“Most of the cable failures occur at cable joints due to ingress of moisture/water and electrical partial discharge etc. In case of faults in underground cable networks, the fault-finding process is very cumbersome and time-consuming,” read the application.

Further, restoration of underground cable networks is also more expensive, it said, adding that the long runs of high-voltage underground cables increase network capacitance during non-generating or low-generation hours. This could lead to over-voltage situations, which may lead to failure of cables or equipment, it said.

Undergrounding of cables is practically impossible because the cost involved is four to 20 times higher than for laying overhead lines, depending on the voltage, claimed the application.

Undergrounding medium- or low-voltage lines over such a large area would also lead to high costs for renewable energy production, and adversely impact the environment because it would increase the country’s reliance on coal, the application said.

“So far, only a miniscule 3 per cent of the estimated potential of around 263 GW of renewable energy in this area has been tapped. If the remaining potential stays untapped, we will need an additional 93,000 MW of coal-fired capacity to replace the unutilised renewable energy in the future, which would cause an adverse direct impact on the environment,” said the application.

Moreover, underground cabling may also pose a safety risk to farmers as faults could lead to electrocution, and cables might be punctured as a result of agricultural activities, or become entangled with the roots of trees.

It could also give rise to disputes over “right of way” to lay the cables under private land, and lead to land acquisition litigation. This may hamper the implementation schedule of renewable power projects, which is usually quite compressed, the application said.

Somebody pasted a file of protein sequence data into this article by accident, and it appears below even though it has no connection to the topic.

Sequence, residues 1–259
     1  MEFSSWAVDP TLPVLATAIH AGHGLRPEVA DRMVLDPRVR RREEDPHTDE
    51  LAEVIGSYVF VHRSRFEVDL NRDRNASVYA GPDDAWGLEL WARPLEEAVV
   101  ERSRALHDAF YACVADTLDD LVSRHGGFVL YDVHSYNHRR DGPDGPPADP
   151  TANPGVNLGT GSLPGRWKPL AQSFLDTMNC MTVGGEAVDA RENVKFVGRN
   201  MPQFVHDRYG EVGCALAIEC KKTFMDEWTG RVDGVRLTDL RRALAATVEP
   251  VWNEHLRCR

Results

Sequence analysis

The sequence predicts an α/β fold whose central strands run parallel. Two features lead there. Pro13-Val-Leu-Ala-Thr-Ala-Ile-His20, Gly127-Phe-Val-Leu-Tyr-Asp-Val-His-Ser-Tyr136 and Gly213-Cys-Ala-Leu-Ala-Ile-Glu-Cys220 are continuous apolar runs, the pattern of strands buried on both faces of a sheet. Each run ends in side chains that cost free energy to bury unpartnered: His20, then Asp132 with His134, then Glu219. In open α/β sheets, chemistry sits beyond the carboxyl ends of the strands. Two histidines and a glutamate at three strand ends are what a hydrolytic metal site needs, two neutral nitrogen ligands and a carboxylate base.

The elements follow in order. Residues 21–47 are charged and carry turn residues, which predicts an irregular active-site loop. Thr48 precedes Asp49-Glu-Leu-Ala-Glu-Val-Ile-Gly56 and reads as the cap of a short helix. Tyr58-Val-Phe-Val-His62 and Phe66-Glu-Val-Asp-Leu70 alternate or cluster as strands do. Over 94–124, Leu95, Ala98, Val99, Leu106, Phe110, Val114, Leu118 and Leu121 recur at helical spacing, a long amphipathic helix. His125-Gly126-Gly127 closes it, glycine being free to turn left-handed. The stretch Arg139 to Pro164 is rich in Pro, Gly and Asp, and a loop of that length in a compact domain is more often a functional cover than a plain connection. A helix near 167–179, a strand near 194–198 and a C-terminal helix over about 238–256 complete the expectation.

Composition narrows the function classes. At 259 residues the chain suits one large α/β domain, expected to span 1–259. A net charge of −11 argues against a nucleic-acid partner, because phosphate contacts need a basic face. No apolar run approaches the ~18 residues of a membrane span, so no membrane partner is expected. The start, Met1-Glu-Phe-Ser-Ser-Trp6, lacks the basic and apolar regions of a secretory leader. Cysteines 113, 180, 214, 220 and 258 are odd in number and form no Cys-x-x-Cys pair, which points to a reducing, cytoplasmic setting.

On the court’s concern regarding conservation of GIB, the government said it has developed the National Bustard Recovery Plan, which various conservation agencies are currently implementing.

As of now, 18 chicks (including four aged between one and two months added this year) have been hatched under the new breeding programme. They are doing very well and growing up under the eyes of an expert project team at Rajasthan’s Desert National Park, the application said.

(Edited by Rohan Manoj)


Also Read: Rhino, snow leopard, red panda — the endangered species Modi govt wants to protect


 

Subscribe to our channels on YouTube & Telegram

Why news media is in crisis & How you can fix it

India needs free, fair, non-hyphenated and questioning journalism even more as it faces multiple crises.

But the news media is in a crisis of its own. There have been brutal layoffs and pay-cuts. The best of journalism is shrinking, yielding to crude prime-time spectacle.

ThePrint has the finest young reporters, columnists and editors working for it. Sustaining journalism of this quality needs smart and thinking people like you to pay for it. Whether you live in India or overseas, you can do it here.

Support Our Journalism

Most Popular

×